No doubt you’ve heard of an independent pharmacy owner colleague who, all of a sudden, sold his or her pharmacy. Neither you nor anyone else knew the owner was looking to sell the business.
Chances are that it was a “fire sale” — the owner hadn’t done any succession planning and wasn’t prepared when something forced him to sell. He hadn’t planned on having a serious medical condition; he hadn’t planned on a chain moving into town; he hadn’t planned on the largest employer in town mandating mail order.
Chances also are good that he wasn’t happy about the impending sale. Even if the owner received top dollar from a chain, he was heartsick to see his life’s work being sold for the script value and long-time employees facing a new boss or unemployment.
According to NCPA, 10,000 independent pharmacies will change hands in the next 10 years. That is nearly half of all independents, so it is never too early to start planning for the sale of your pharmacy.
Why you need to plan, not just sell your pharmacy
There are long-term implications for not planning that can affect not only you but also your heirs. Without proper preparation, it is unlikely that you will realize the full value for your lifetime’s work. You also won’t be able to ensure the continuation of the pharmacy in a manner that reflects your commitment to both customers and employees.
There are many reasons why you may want to approach this as a two-part process — succession planning and ownership transfer:
- To maximize the value of the business that you have built, helping to create funds for your retirement and estate
- To continue the legacy that you have built
- To determine how you want to be involved in the pharmacy during and after your transfer of ownership
- To find the right new owner who will be able to continue the business and your legacy
- To structure the ownership transfer so that the new owner succeeds, and you can continue to be proud of the business you have built in your community
- To help maintain an independent pharmacy presence in your community and provide your patients with ongoing personalized care
It is likely that you will sell only one or two pharmacies during your career. By preparing and using the best possible counsel and advice, you can transfer the ownership of your pharmacy at the best price, and with the fewest headaches and regrets.
Start your list with these important considerations
There can be several issues that you may need to consider as you plan for the eventual sale of your pharmacy. Here are some of the more important issues:
Taxes: Pharmacy owners should fully understand the tax consequences of the sale of the business. You would be wise to work with an accountant who handles the sale of businesses on a regular basis. Identify this professional help before the sale contract is structured, not afterward. A key issue to discuss with your accountant is reserving liquid funds from the sale of the business to cover any tax liability and other expenses.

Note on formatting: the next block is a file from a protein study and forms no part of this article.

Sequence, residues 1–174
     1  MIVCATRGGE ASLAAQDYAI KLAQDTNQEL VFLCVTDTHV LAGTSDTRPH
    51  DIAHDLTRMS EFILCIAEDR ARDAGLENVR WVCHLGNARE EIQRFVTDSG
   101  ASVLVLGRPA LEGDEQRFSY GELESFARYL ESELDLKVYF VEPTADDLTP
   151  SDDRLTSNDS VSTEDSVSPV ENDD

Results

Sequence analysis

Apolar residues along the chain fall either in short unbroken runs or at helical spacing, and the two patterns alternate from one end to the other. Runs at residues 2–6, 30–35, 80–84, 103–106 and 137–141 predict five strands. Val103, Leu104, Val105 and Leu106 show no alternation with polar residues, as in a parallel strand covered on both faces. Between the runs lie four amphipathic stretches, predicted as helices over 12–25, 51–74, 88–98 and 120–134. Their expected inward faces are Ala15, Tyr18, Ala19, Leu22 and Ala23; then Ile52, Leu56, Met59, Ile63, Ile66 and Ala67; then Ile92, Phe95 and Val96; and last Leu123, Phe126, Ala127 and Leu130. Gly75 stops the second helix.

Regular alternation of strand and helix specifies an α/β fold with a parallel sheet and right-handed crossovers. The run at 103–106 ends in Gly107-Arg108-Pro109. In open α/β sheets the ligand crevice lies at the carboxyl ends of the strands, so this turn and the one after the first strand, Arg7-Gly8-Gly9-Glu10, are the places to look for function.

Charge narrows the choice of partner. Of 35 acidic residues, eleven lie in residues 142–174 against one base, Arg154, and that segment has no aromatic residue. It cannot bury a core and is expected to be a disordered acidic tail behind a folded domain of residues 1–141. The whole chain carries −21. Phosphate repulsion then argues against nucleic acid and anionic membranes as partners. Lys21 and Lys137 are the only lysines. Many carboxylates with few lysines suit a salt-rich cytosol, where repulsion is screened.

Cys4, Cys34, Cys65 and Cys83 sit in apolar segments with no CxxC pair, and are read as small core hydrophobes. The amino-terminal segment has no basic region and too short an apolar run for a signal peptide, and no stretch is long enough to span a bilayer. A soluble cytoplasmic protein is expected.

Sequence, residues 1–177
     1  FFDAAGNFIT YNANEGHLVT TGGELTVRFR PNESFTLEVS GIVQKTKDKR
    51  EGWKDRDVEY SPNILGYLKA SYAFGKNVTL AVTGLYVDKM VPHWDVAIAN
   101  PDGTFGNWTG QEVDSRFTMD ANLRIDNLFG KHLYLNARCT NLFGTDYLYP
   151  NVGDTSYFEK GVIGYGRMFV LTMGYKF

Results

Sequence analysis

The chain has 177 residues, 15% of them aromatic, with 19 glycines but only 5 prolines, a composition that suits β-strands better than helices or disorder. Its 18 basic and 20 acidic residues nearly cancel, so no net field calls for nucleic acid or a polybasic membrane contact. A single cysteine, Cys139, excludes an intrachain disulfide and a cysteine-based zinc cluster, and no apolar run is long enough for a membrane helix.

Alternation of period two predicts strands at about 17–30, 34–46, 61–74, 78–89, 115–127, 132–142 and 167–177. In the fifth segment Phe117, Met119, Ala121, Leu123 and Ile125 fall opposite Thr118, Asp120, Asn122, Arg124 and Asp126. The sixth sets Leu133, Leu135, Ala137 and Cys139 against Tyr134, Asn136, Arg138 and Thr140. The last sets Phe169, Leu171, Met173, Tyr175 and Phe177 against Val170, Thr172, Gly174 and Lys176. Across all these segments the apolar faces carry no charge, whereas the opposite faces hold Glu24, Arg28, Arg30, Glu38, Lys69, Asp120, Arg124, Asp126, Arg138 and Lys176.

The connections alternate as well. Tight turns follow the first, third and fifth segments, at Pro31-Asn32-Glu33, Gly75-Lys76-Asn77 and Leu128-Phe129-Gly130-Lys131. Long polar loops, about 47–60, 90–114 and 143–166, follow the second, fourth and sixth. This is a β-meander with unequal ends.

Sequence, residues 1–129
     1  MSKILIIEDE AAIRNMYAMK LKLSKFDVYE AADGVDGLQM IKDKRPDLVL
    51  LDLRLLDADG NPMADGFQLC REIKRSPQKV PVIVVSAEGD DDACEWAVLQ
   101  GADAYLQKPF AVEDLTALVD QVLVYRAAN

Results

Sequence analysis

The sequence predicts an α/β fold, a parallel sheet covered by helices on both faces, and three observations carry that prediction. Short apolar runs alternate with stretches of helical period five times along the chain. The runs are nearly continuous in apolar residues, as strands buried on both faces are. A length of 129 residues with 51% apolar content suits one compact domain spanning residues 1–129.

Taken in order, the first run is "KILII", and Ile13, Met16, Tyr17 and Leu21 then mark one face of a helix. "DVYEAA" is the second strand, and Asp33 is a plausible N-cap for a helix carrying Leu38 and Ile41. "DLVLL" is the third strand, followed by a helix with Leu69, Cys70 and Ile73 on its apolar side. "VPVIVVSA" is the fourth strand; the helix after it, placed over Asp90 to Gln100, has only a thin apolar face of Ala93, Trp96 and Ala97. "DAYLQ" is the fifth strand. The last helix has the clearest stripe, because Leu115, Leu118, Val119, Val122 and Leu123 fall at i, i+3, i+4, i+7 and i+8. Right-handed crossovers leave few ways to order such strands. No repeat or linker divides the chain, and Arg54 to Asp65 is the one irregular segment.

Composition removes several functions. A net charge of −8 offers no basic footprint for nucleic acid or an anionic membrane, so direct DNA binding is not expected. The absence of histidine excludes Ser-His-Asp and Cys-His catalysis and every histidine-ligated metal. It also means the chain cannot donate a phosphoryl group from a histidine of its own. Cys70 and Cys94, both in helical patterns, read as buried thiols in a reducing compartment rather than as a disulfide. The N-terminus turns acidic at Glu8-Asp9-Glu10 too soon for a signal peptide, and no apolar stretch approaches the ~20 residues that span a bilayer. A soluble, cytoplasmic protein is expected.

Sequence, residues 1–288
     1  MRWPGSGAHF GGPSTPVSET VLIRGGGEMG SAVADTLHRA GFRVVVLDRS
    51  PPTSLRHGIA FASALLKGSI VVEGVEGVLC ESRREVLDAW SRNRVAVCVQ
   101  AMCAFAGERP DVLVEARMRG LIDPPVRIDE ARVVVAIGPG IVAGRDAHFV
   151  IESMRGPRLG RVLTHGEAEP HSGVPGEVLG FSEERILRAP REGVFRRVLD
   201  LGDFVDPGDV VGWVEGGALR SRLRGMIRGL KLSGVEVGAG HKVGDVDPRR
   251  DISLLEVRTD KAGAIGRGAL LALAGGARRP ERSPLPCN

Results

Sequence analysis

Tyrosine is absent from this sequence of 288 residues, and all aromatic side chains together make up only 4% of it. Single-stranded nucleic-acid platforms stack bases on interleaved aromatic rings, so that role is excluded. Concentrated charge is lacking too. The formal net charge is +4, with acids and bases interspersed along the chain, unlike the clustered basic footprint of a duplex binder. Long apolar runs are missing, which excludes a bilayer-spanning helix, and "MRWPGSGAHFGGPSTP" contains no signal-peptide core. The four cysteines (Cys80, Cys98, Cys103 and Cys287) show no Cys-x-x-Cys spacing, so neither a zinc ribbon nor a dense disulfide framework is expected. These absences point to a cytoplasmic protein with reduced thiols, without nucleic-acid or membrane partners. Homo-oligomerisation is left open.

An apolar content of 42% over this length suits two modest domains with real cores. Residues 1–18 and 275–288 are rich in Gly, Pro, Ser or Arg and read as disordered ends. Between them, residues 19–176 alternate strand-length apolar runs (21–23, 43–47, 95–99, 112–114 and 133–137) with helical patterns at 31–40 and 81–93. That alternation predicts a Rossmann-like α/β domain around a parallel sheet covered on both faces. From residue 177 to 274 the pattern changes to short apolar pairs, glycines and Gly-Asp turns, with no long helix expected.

Health insurance: How will you and your family receive health insurance after the sale of the pharmacy? Continuing to work part-time may be a good option for keeping health benefits.
Building ownership: If you own the building in which the pharmacy is located, you will need to decide how to handle the lease or sale of the building and incorporate that into the pharmacy sale documents, if appropriate.
Penalties: If you are financing a portion of the sale, discuss with your accountant and attorney any ongoing contingencies of the sale agreement, which can address things such as providing annual financial statements and the consequences of these contingencies not being met.
Additional stores: If you are financing the new owner, discuss with your attorney the feasibility of requiring that you have veto power over the purchase of any additional pharmacy until you are fully paid off.
Monthly payments: Having all monthly payments handled via electronic funds transfers is advisable in many circumstances.
Employment contract: If you are going to be working in the pharmacy, get an employment contract. It doesn’t have to be binding but it should clarify the hours worked, paid time off, time off without pay, hourly wage/retainer, vacation time, insurance and so forth.
The new owner: It is advantageous in many cases to know the person to whom you are selling and have them work in your store prior to the sale, if possible.